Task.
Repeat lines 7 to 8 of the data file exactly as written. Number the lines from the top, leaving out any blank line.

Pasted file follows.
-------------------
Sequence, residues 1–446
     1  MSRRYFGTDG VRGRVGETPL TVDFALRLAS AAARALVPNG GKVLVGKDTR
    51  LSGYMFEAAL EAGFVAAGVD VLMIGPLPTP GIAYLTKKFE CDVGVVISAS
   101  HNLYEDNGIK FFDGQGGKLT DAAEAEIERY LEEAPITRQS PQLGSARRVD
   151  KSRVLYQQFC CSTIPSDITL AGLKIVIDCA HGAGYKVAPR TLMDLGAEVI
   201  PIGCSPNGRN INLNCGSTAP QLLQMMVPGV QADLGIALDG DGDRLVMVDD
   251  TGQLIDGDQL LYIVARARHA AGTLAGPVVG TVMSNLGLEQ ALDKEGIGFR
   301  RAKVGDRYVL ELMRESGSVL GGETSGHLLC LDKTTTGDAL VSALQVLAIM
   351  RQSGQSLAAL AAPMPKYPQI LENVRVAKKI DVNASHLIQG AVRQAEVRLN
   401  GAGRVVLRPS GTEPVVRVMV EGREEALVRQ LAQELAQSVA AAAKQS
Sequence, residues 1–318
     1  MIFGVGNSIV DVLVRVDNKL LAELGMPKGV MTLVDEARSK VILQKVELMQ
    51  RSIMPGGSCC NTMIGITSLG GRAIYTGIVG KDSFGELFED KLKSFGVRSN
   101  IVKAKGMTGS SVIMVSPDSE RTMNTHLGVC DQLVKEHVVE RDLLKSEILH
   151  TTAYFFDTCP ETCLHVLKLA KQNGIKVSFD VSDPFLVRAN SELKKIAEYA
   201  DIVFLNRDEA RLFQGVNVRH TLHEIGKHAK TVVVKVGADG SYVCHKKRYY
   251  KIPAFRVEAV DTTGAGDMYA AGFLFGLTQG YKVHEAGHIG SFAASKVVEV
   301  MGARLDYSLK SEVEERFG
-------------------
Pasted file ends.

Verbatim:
   251  TGQLIDGDQL LYIVARARHA AGTLAGPVVG TVMSNLGLEQ ALDKEGIGFR
   301  RAKVGDRYVL ELMRESGSVL GGETSGHLLC LDKTTTGDAL VSALQVLAIM